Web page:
Kathleen said: What an incredible story about your birth jen! I love your framing of the story--Auntie said too soon, Mom said too late, and Jen said just right. Sounds like Goldilocks and the Three Bears!
You have no idea how tickle-gorgeous that is Kathleen!!
The other 'surprise' to everyone was the 'fact' that I came out with flaming curly red locks ..... (when my older brother & sister were both brilliant blondes) hmmm... if we go back to the 'circumstances of your birth' being formative - it made me appear
distinctly 'different' from my siblings
Time is like that though isn't it, even in that little tale the perspectives distort the focus and the playing out.... yum.
I still think of all of my life as an adventure, sometimes it speeds up and stuff happens so fast & furiously like you're caught in a storm in the sea being washed and dumped and thrown and raised into the air to just take a breath, then like the ocean tide ebbing I get a chance to catch my breath before the next waves of activity and experience wash over me.
The time thing also became acutely 'real' while I was spending every possible moment with my infant son on his borrowed time in life. The moments of agony and joy were acutely full, a minute like an hour, an hour like a day, a day a week, a week a month, a month a lifetime - literally in his case. I can never again take a moment, any moment, for granted - nor can I bemoan the too much or too little of anything in life. We truly do only have this moment to LIVE.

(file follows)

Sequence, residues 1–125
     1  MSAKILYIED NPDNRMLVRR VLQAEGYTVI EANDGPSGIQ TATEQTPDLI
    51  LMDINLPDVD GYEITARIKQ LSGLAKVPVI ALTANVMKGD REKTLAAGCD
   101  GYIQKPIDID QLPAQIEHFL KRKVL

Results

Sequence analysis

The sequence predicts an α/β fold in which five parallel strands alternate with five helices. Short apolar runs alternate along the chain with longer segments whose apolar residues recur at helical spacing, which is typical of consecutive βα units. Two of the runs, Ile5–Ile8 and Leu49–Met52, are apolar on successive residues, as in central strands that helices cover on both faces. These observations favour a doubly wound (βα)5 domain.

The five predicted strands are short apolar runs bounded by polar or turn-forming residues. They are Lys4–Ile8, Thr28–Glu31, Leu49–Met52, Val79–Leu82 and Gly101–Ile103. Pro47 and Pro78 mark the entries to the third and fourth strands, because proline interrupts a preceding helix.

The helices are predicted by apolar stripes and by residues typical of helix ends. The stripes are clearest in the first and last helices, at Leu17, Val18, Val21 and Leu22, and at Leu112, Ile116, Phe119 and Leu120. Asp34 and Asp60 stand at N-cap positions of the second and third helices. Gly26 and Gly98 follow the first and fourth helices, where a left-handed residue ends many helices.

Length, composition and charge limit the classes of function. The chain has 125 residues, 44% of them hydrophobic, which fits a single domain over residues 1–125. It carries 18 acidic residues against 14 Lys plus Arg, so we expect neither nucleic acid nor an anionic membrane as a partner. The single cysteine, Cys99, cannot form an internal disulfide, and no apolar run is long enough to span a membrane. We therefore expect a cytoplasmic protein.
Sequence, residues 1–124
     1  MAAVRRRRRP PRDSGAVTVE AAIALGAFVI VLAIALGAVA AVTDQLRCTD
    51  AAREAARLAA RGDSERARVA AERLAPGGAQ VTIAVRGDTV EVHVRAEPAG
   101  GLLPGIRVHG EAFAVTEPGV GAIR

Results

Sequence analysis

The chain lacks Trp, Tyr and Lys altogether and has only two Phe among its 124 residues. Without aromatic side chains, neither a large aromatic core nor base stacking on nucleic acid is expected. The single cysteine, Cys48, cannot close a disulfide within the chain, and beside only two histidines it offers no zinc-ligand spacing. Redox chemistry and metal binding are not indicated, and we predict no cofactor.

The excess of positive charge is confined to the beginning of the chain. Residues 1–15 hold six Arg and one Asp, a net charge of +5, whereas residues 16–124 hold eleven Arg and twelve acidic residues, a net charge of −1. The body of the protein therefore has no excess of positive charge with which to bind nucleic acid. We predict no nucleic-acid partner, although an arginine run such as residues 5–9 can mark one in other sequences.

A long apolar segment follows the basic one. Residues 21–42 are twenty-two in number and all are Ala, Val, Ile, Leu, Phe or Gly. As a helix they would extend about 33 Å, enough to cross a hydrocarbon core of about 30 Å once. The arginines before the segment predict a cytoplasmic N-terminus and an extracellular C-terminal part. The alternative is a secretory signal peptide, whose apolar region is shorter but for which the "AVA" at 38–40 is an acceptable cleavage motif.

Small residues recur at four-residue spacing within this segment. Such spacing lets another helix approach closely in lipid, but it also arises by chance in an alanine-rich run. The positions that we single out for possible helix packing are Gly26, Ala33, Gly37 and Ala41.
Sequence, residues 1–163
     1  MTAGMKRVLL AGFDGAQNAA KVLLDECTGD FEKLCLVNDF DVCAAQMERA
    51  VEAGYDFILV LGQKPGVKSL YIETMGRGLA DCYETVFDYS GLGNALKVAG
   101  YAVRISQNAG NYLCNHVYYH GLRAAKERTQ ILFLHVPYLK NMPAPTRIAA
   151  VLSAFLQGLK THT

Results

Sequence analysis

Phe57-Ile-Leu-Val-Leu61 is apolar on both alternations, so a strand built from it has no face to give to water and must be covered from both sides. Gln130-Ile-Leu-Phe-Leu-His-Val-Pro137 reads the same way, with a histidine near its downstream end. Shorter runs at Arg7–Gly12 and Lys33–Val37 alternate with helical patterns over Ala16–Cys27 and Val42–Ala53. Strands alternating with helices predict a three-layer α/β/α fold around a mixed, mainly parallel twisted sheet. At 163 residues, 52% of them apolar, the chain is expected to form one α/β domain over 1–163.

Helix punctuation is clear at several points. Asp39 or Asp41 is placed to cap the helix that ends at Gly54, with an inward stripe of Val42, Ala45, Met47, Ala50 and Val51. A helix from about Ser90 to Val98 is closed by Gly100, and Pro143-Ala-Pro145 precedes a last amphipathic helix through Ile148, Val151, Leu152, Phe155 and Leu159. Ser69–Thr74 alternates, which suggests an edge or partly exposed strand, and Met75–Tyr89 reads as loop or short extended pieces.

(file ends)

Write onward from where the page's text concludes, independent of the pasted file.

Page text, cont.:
If he had recovered, the weeks would have been too long, as he didn't, I could have framed it as too soon, it took gob-smacking honesty and courage and awareness to sit with it, be in it and not wish it any other way.
It has been one of the greatest lessons of my life, and one that I've been immensely grateful for ever since.
Funny, it seems the experience of our birth may be 'relevant'.
Our rights start deep within our humanity; they end where another's begin~~ SmileyJen